Coronado also practiced how it might fight in the future, lurking in atolls to ambush an enemy, then scooting at high speeds to new hiding places.
Destroyer Squadron 7′s Jerbi told Navy Times that the trimarin terror’s “shallow draft, high speeds and tailored mission packages make it well suited to operate in the littoral areas of the Indo-Pacific region.”
In 2015, Coronado successfully test-fired the NSM — the missile now being carried to China’s doorstep.
That seemed to fit then-Vice Adm. Tom Rowden’s concept of “distributed lethality,” a way to use networked surface vessels, submarines and aircraft — including an anticipated fleet of drones — to spread out over large areas to knock foes off their feet.
Constantly invoking the mantra “if it floats, it fights,” Rowden, the man at the helm of Naval Surface Forces, saw the globe’s oceans as a vast chessboard, where he could use littoral combat ships as pawns capable of killing kings.
While the tactical trials played out at sea, Rowden ordered sweeping reforms to the rest of the LCS fleet. He wanted to change the way crews are trained and to find the right level of staffing and maintenance to keep the warships afloat.
Rowden was replaced as the Navy’s “SWO Boss” in early 2018 by Vice Adm. Richard Brown. His successor expanded the reforms, continuing the stand down but predicting it would pay dividends later.
A little more than a year before Gabrielle Giffords left California, Brown told Defense News that once the LCS deployments started, they weren’t going to stop. He declared the trimarans Montgomery and Giffords would exit for the western Pacific first, followed by the mono-hulled Detroit and Little Rock departing the East Coast.
Following the Rowden and Brown reforms, the LCS fleet was divided between the two coasts: the steel mono-hulled versions of the LCS go to Florida’s Naval Station Mayport while aluminum-hulled trimarin warships like Gabrielle Giffords and Montgomery head for the Pacific.
Over the past 14 years, the Pentagon has purchased 35 of both types of LCS, part of a push to get to a 355-ship Navy.
The first four LCS that were built have been designated as training platforms. The Navy took delivery of the 17th LCS, the Indianapolis, in June.
Although military leaders have asked Congress to begin shifting LCS funds to buy a future frigate — a project called FFG(X) — by 2034 the Navy expects to still man 34 littoral combat ships.
Partly that’s because the Pentagon and key Congressional leaders see the maturing LCS program as a possible hedge in case the FFG(X) runs into its own delays. But it’s also because the LCS remains a relatively cheap alternative to other U.S. warships.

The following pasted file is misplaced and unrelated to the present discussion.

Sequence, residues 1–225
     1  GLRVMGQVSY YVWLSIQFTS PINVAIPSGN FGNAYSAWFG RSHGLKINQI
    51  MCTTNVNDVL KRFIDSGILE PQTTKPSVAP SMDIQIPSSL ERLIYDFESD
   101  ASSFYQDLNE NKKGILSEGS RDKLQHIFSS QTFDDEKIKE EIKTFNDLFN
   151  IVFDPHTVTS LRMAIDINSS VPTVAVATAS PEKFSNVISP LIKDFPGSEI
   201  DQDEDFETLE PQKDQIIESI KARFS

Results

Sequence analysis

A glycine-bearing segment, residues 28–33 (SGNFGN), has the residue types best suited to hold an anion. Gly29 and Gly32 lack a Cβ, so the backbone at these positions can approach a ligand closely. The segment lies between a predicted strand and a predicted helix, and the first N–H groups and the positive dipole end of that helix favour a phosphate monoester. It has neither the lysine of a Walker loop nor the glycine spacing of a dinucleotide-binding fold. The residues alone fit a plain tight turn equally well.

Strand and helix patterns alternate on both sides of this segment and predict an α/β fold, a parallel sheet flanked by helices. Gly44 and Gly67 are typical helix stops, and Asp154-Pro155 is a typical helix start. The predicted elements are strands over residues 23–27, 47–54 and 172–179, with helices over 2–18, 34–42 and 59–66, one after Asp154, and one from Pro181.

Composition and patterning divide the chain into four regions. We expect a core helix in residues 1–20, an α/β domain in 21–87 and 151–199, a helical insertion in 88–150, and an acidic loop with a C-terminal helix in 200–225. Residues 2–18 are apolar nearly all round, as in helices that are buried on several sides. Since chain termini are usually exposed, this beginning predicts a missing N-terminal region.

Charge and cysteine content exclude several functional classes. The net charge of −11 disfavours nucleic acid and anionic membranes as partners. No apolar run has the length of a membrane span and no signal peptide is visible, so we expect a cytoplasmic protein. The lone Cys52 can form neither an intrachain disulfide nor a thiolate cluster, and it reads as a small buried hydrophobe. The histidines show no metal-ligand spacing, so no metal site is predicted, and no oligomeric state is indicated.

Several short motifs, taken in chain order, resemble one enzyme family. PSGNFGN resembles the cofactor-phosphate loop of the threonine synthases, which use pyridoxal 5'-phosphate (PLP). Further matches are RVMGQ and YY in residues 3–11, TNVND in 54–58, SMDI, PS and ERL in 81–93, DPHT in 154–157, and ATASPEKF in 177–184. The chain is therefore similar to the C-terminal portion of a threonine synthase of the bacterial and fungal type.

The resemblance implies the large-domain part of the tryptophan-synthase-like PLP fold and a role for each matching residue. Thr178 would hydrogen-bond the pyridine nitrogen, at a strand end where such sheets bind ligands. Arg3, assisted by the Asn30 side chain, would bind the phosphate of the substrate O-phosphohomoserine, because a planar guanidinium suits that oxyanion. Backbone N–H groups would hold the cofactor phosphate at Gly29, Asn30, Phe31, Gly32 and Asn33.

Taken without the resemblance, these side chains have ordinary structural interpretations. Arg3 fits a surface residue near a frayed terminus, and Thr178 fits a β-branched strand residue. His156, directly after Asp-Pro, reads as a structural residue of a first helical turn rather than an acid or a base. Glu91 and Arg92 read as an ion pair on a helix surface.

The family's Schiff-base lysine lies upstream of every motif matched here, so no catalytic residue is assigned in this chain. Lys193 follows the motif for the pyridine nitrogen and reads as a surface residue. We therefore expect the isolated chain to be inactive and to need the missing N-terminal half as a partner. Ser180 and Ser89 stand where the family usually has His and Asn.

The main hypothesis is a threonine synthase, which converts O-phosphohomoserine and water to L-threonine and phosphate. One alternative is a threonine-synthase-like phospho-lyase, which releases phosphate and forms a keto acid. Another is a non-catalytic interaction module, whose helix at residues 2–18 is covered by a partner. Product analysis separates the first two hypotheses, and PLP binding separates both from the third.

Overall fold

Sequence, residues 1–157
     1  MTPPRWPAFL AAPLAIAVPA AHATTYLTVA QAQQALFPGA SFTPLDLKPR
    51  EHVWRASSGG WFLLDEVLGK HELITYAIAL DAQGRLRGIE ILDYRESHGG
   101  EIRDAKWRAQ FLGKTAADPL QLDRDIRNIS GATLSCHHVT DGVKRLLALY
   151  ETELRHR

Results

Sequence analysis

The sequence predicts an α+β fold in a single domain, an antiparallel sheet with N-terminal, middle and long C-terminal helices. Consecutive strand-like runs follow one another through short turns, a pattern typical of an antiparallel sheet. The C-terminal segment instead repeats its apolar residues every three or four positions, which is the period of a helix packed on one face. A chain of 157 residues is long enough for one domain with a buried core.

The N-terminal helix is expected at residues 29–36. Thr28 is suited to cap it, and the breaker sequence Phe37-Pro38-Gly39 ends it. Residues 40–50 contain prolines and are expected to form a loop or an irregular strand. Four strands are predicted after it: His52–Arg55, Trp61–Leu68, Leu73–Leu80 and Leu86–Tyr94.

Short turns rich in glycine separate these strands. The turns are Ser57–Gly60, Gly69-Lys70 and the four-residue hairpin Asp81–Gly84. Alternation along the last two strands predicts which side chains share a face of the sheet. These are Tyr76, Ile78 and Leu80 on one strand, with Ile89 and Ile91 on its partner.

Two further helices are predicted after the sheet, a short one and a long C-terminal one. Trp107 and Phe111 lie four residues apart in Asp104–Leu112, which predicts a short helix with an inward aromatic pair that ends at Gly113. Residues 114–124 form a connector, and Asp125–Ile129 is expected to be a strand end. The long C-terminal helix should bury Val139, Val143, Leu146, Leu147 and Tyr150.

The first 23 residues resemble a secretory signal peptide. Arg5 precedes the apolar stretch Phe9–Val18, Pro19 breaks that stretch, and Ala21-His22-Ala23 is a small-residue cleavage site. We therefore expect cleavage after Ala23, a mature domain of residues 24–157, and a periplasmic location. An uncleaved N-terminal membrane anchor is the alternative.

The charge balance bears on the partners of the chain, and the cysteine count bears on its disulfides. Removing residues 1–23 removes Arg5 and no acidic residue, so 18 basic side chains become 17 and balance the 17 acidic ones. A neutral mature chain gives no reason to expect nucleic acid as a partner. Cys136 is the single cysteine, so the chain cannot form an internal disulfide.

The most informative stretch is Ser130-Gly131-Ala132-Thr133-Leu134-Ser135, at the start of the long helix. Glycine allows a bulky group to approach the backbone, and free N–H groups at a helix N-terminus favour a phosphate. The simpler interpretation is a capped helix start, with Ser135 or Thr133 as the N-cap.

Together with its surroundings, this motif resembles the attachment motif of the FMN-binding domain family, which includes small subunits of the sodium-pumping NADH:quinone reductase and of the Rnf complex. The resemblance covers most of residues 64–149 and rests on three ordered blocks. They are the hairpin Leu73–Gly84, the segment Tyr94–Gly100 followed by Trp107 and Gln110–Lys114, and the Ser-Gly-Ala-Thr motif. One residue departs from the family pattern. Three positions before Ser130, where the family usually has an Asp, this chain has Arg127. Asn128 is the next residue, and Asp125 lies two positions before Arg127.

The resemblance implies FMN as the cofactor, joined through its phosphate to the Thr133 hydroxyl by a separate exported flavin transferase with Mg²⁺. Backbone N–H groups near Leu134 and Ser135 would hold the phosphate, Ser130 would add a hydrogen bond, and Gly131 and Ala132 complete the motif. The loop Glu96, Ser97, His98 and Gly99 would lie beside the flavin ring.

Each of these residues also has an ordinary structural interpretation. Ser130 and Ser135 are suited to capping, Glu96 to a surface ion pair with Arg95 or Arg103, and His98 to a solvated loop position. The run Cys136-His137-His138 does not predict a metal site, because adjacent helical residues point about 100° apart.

The last trio of LCS vessels was procured for about $523.7 million each, about 30 percent the cost of an Arleigh Burke-class warship, according to the Congressional Research Service. And they rely on fewer crew members, which also cuts expenses.
The Pentagon has called for about half of the littoral combat ships to be forward-deployed at any given time, serving tours that last as long as two years overseas. When the LCS fleet builds to 24 warships, that likely means three in Singapore, another trio at other western Pacific ports, and maybe seven more in Bahrain, where they can patrol the volatile Persian Gulf.
Before the reforms overseen by Rowden and Brown, the Navy envisioned a three-crew-for-two-hulls rotation plan, but they scrapped that.
Gabrielle Giffords, Montgomery and other littoral combat ships now use two crews for each vessel. Sailors fly out to the western Pacific to switch out the crews, which maintains a high tempo of operations for the warships without burning out personnel.
Or, as Capt. Jerbi put it, a rotational deployment to the 7th Fleet, using a Blue/Gold crew structure, “allows the ship to remain operating forward for longer durations than traditional deployments.”
The LCS will pick up a mission held by Oliver Hazard Perry-class frigates until 2015.
Packed with weapons and sensors with longer ranges and increased lethality, the presence of a meaner and more dependable LCS promises to free up destroyers and cruisers for more important missions, but defense analysts also see them as part of a larger push to better match capabilities with rising Pacific powers.
They point to ongoing Navy’s efforts to field the MQ-25 Stingray unmanned aerial refueling drone to hike the speed and range of the service’s mainstay aircraft, now that Chinese ship-zapping ballistic missiles make it riskier for U.S. carriers to operate in the region.
“It’s great that the Navy is doing these improvements, but it’s very incremental,” said Bryan Clark, a retired submarine officer and analyst with the Center for Strategic and Budgetary Assessments. "It has been a decade since the Navy said: ‘Hey, we need to start an unmanned aircraft program of some kind, and we need put better anti-ship missiles on our ships.’
“And here we are, 10 years later, and the MQ-25 is still making its way toward fielding, which won’t happen for several years, and we’re finally deploying a ship with a better anti-ship cruise missile. So kudos to the Navy for doing it, but this is emblematic of the problem the [Department of Defense] has in making the shift toward new ways of fighting.
"It just can’t get out of its own way to field a new capability in under a decade.”